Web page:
Andy's hot air all went out the window anyhow. This passage is meaningless.


Posted: Thursday, October 20, 2011
Article comment by: coyote pratt

Do not criticize the whole council two members, Pratt and Elinski, voted against supporting this. Pratt did suggest they join with 4fri.

Posted: Thursday, October 20, 2011
Article comment by: Thomas McCabe

.Excellent dissertation Bob Oliphant
regarding the Cattlemen's' Association effort to save the planet. How many forest fires has cow dung prevented? Many thanks also for adding another reason for VHS home owners to run as fast as they can away from annexation. VSF owners voting for annexation would be like moving their home to the center of a feed lot.


Posted: Thursday, October 20, 2011
Article comment by: The Cowpoke

Phil Falbo if you haven't found fine dining in the Verde Valley yet you should try grazing.



Posted: Thursday, October 20, 2011
Article comment by: JJ Geoffries

If Olive Garden and Chili's represent fine dining choices are Yugo and Pinto accordingly fine driving automobiles?

Posted: Wednesday, October 19, 2011
Article comment by: futility indeed

oddly enough the fervent upheaval at this issue is especially ironic when you consider that mr. oliphant makes the complete counterpoint to his own argument.

if this is such a futile thing for the city to weigh in on, (must be passed through congress and the chances of that are slim to nil, even with the endorsement of the city that obviously carries so much weight...haha) then in reality the support is equally as futile... so why get so fired up?

methinks that as kids say these days ' hater's gonna hate'... no matter what the city or council do... mr. o' will find some fault... and that is one of the only certain things in this crazy world.


Posted: Wednesday, October 19, 2011
Article comment by: Steven Richards

An excellent letter Mr. Oliphant. The profit-inspired answers to forest management from a group of special-interest groups such as the Cattle Growers Association and land developers are indeed suspect and not appropriate for public, federal lands.
All I can say is that if ignorance is bliss, we have a very, very blissful City Council. There are many complex issues driving the severe fires of recent times. The idea of using public lands to profit a few is repulsive enough, but the idea that these same people should control how the forests are managed for the rest of us is intolerable. NEPA was put in place so that all of us would have the opportunity to provide input, regardless of how we make a living or how much influence we have with the local political establishment.


Posted: Wednesday, October 19, 2011
Article comment by: arm chair QB's

love to throw the long bomb's...

yet never actually hold the ball...





Posted: Wednesday, October 19, 2011
Article comment by: Completely Agree

Another excellent letter by Bob Oliphant. Thank you for providing much needed balance and perspective.

I would only add this. Mr. Groseta is welcome to his opinions, but that's all they are. Opinions. They are not fact and shouldn't be taken as such.

When you look at the facts, you see that ranching in Arizona is close to a $5 billion dollar industry. It's one of Arizona's largest industries. And this is with the current protections of NEPA and the ESA on public lands.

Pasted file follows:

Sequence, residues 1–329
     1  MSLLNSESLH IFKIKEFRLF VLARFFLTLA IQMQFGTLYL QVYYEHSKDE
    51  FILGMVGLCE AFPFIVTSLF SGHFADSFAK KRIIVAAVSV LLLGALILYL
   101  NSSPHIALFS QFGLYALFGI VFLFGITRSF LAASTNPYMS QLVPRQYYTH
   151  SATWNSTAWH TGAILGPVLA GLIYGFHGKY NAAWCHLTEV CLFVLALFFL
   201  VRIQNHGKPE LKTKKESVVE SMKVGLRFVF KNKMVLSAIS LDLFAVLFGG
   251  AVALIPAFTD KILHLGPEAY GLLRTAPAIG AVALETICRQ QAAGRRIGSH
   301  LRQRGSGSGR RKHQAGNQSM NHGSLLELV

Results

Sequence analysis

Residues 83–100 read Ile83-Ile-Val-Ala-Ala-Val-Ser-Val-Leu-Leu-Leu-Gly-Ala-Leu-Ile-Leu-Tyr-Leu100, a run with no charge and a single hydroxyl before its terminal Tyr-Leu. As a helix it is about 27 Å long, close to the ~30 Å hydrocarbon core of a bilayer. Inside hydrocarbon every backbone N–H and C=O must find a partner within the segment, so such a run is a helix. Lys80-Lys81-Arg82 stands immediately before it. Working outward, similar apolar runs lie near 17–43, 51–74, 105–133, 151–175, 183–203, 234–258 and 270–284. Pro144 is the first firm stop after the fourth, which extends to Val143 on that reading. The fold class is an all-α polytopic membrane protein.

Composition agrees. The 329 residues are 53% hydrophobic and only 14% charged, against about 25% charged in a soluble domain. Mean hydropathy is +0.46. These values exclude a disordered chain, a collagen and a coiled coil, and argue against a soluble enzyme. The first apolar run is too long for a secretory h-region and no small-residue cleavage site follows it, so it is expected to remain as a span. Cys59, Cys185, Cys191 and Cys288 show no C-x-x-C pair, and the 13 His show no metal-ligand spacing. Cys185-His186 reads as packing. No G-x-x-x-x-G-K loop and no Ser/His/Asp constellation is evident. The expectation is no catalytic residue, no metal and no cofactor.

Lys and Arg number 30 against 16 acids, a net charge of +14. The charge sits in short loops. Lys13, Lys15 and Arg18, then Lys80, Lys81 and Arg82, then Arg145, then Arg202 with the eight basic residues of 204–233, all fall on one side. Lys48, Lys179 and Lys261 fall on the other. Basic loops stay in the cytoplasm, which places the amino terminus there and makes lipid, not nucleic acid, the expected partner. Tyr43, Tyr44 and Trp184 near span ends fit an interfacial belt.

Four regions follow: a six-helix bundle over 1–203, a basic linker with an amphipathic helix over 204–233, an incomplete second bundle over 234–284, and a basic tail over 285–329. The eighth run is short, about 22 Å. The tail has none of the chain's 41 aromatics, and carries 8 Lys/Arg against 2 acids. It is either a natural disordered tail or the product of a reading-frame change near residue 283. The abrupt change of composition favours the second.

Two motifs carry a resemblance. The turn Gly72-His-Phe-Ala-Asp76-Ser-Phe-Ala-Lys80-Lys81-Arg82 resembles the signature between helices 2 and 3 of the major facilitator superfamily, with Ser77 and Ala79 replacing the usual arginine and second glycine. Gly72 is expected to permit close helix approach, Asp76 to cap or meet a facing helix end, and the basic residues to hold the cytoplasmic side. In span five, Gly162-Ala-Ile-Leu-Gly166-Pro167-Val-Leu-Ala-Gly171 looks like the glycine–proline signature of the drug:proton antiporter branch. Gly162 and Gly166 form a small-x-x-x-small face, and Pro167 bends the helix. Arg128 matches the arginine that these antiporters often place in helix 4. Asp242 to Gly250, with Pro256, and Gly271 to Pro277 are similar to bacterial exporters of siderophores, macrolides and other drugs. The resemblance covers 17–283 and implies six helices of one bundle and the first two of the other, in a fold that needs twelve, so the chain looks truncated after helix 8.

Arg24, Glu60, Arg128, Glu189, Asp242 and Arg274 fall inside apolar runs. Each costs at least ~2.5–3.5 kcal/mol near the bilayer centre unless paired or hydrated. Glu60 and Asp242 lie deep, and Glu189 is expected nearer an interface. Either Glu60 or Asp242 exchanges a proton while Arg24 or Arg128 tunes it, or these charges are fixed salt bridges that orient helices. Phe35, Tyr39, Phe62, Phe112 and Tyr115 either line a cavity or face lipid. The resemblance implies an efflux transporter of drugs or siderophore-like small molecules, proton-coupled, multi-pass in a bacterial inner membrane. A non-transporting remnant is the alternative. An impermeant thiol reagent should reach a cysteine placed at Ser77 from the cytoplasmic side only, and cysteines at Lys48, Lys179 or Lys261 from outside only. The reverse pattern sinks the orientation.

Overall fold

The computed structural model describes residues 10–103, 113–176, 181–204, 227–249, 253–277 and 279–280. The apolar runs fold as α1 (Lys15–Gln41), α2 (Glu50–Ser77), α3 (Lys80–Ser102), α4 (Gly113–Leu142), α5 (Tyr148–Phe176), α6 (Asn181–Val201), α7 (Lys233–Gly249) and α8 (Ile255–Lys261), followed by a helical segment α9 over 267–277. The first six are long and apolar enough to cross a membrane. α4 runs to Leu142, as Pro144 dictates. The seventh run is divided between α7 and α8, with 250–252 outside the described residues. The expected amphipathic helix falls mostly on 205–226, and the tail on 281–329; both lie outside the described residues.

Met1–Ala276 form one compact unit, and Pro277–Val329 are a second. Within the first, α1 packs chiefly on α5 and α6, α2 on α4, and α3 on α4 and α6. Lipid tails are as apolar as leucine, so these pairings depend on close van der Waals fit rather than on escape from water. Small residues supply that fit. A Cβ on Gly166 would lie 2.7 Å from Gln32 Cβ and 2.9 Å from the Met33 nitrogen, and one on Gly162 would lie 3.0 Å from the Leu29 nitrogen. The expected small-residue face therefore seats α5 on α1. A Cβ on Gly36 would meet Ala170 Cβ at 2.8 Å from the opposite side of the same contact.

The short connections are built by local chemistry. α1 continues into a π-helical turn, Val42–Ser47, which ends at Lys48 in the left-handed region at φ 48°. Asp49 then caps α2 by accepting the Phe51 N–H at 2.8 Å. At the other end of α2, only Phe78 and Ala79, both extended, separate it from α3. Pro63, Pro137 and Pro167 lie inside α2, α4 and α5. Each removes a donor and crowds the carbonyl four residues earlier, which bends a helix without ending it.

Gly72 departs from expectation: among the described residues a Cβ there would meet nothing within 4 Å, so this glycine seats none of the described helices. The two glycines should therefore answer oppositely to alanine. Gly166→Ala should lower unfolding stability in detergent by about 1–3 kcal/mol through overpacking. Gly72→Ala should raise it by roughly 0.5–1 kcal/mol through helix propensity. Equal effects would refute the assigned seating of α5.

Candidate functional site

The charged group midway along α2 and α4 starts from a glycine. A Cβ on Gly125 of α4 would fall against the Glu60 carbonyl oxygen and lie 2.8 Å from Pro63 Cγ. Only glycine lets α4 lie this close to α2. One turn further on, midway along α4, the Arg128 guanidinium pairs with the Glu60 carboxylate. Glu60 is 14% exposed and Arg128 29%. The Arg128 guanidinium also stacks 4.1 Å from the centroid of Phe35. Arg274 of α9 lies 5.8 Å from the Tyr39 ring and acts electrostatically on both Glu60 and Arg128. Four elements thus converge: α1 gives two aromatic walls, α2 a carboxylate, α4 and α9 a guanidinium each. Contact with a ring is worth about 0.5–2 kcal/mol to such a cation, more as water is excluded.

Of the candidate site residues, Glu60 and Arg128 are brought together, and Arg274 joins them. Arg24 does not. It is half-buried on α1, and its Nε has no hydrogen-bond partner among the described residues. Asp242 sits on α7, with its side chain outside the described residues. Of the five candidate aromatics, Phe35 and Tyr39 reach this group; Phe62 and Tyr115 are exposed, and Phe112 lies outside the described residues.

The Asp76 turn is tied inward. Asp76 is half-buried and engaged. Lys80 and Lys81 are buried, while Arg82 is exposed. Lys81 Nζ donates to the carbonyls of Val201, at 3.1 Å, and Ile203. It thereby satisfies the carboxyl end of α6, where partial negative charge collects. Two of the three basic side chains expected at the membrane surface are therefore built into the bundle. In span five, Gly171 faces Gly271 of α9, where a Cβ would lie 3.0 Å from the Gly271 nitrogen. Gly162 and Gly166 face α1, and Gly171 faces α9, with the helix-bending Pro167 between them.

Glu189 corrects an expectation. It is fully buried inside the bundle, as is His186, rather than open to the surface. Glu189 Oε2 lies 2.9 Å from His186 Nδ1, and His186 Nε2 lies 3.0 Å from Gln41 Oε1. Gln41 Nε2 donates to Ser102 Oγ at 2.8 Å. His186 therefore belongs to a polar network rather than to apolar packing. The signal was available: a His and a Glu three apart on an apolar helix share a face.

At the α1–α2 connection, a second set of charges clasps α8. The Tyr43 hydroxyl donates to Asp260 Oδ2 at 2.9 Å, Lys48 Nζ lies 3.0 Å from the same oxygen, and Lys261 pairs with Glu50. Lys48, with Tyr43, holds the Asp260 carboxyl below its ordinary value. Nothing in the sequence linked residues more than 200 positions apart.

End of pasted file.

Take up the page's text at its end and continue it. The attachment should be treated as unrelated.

You also see the 4 Forest project being approved the right way, through NEPA. This project will clean our forests to reduce the prospect of a catastrophic wildfire. It will create a lot of jobs for loggers and mills.

In another letter, Tom Henry cited substantial scientific proof disputing Mr. Groseta's claim that more grazing is needed to reduce catastrophic wildfire.

So the premises of Mr. Groseta's argument, if not outright false, are at least questionable. Yes, the Cottonwood council should have done a better job on this.

Beyond Cottonwood, which Mr. Oliphant accurately points out is irrelevant, it's important for citizens to understand that through NEPA we get full disclosure of what's going on, transparency, public input, science-based management of our public lands - instead of back room deals between special interests and bureaucrats.

Which sounds better to you?

Here's another opinion: The system in Arizona is not broken. It's working just fine. Our public lands are being managed the right way, responsibly for the best interests of all, and the ranchers at $5 billion are in fact doing just fine.

Perhaps if Mr. Groseta spent more time ranching than campaigning, we'd do even better.


Posted: Wednesday, October 19, 2011
Article comment by: Me Not You

Sorry Bob, I thought your letter was an editorial. I should have known better. Nice letter.

Posted: Wednesday, October 19, 2011
Article comment by: Me Not You

Wow, that was a heavyweight editorial. I am impressed. However, I have always thought your paper was a good friend of the bear you just poked.

Posted: Wednesday, October 19, 2011
Article comment by: Someone who knows NEPA legislation

Hear Hear!!!! Could not have said it better myself. Not only are moneyed interests the problem, but a complete disregard for reality as the Council obviously has no understanding how NEPA or anything else works.

The Council would rather return to the dark ages of the polluted 60s where the Feds had no regard for environmental impacts or disclosing potentially harmful consequences on the human environment.


Posted: Tuesday, October 18, 2011
Article comment by: John Wayne

Wow! The personal attacks on Mr. Groseta reveal everything. Personal attacks, deflecting to a different period - "look at what the cowboys did a 100 years ago" - follow Saul Alinsky's rules for radicals. Which is IVAN - Identify, Villify, Associate, Nullify. Readers please don't be distracted. Our forests are burning to the ground in catastrophic fires and those who have had their way eliminating management with tools like NEPA and ESA now do not want to be accountable. What Mr. Groseta is saying is, "We will be accountable. Here is our plan. Implement it And we will be accountable." I haven't seen anyone else say, "hold me accountable for my plan.". The cattle growers "a right wing group" - come on! An organization that has been led by Judge Monk - John Babbitt and Herb Metzger! Get real. You don't like the SAFE Plan - refute it if you like - that is your right. You just have to read it first.